This is the backdrop to an important debate at the Book Industry Study Group’s Annual General Meeting. Mark Williams has a fascinating post that draws on and contextualises Gayle Feldman’s piece on that AGM in The Bookseller. Print is still the dominant way in which people buy books. But the printing and paper on which this part of the industry relies has not remained stable. As the pandemic (not to mention the Evergiven crisis) showed, reliance on printing in China and elsewhere in Asia means supply chains can collapse very easily. And paper is a scarce resource. The book industry relies on the same paper mills that other industries rely on. And is somewhat picky about the paper it uses.
Vulnerable print supply chains
There was also an overprinting issue during the pandemic. New warehouses opened up across the world. The driving force behind this was a world locked down that learned to rely on delivery. Just-in-time supply chains seemed risky. So people stockpiled those warehouses. And that included filling them with books. Which has helped neither the industry’s returns and sustainability problems. Nor the availability of already hard to come by paper. There are some glimmers of hope, though. Scholastic’s Kevin Spall has embraced digital publishing, increasing the number of books printed that way from zero to 6 million.
Indie authors often rely on print on demand. That can feel like a burden. But in this changing environment, it might be a bonus. And as more publishers realise they may be forced down this route, the differentials that make us uncompetitive may come down. As returns become, as they surely will, as unacceptable as smoking in public buildings, bookstores and distributors will no longer be able to insist upon them. And another barrier we face will go.
Harper Collins Ready to Use AI Narration in India
Meanwhile, audiobooks provide the context for this week’s surprisingly minimal (at the time of writing) AI news. Mark Williams has a really interesting story from Harper Collins, India. This is one of the world’s biggest publishers and, of course, one of the world’s biggest potential markets. Harper Collins India’s CEO Ananth Padmanabhan seems to be a big fan of AI audiobook narration. And he is ready to use that technology. Any delay will just be in getting the voice patterns exactly right.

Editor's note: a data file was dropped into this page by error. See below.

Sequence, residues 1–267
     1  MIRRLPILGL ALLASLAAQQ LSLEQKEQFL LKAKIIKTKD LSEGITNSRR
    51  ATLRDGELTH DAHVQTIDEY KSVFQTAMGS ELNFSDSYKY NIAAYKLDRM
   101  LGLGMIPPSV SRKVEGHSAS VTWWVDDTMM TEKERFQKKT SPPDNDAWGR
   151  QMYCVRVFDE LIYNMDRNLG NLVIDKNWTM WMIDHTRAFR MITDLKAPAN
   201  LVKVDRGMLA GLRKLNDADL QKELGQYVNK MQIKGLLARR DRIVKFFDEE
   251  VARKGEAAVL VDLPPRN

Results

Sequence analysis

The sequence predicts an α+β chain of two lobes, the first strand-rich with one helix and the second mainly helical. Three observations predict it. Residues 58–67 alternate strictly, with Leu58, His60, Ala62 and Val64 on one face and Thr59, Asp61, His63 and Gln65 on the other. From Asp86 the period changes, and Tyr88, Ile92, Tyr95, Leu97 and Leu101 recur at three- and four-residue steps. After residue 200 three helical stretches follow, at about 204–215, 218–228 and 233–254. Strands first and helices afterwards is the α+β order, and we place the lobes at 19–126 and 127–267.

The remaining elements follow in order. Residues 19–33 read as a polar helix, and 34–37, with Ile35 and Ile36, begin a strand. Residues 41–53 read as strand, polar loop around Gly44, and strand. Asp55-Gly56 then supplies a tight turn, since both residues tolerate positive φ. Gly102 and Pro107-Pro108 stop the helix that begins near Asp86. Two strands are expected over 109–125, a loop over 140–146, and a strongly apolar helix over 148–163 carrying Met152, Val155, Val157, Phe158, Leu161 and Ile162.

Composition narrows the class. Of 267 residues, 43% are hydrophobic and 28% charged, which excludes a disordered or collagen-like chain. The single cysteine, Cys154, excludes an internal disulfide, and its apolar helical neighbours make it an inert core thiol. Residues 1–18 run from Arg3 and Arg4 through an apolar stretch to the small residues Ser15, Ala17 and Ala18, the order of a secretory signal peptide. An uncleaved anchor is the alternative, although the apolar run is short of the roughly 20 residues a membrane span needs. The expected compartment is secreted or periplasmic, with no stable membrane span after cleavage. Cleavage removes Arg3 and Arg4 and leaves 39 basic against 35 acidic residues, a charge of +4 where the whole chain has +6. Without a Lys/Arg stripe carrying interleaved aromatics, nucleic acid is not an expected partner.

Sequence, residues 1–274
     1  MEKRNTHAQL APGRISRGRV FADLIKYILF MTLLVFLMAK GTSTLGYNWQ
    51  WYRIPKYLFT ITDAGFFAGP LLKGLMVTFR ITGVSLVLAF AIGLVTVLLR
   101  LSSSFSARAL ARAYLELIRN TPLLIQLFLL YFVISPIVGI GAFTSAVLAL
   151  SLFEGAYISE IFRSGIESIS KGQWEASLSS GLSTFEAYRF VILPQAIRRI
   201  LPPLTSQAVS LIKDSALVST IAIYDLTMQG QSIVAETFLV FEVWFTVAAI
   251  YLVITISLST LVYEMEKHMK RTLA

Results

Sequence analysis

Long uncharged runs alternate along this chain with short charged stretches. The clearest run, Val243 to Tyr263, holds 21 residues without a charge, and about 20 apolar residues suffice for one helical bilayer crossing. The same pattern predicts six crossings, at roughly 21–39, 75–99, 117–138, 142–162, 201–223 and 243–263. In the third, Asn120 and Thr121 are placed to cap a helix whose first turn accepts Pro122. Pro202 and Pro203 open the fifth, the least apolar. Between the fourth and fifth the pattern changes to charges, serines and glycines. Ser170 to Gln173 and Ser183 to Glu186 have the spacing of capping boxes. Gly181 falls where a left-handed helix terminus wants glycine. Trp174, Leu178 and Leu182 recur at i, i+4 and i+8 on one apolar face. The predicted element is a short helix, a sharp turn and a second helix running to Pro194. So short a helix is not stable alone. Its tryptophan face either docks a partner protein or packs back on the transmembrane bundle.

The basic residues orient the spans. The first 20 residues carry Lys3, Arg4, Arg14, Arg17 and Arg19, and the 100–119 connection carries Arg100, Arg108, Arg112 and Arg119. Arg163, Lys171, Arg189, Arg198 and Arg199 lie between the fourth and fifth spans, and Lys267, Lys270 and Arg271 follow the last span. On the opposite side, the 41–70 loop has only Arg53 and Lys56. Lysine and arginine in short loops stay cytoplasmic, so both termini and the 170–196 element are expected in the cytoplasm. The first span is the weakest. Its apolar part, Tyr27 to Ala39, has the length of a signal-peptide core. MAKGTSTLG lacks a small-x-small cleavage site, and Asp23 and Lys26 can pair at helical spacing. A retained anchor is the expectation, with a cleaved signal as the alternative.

This raises some of the fundamental questions at the heart of the AI debate. India is a huge market. Making the vast majority of books not currently published as audiobooks available in that format would be a massive step for the industry. And for readers. But doing so through technology rather than human narrators sends another message about who is, and who is not, part of the modern creative industry.
TikTok Sues Montana Over Ban
TikTok is the book world's social media of choice. So Montana's ban on the app has caused a lot of concern. Effective from January, the law effectively treats TikTok like recreational drugs. That is, you will be able to use TikTok (if you already have it). But you won't be allowed to download it or offer it as a download. TikTok has now decided to fight back. It will be suing Montana, claiming the new law is unconstitutional because it violates First Amendment protections for freedom of expression. It's fair to say a lot of people will be watching the outcome with anticipation.Kindle Unlimited raises subscription price by 20%, and other top #selfpub news stories for #indieauthors, in one quick read, by #ALLi News Editor Dan Holloway @agnieszkasshoes #digitaleconomy #publishingopenup Click To Tweet
Good news about possible lifting of audio book tax. Particularly, if paper supplies are not as readily available. Really believe my novels would make good audio. Completed an audio edition for first novel in 2016. The timing between chapters etc.. was not to Amazon specification. Seven years later, still keen on audio book edition for novels and or anthologies. More so really.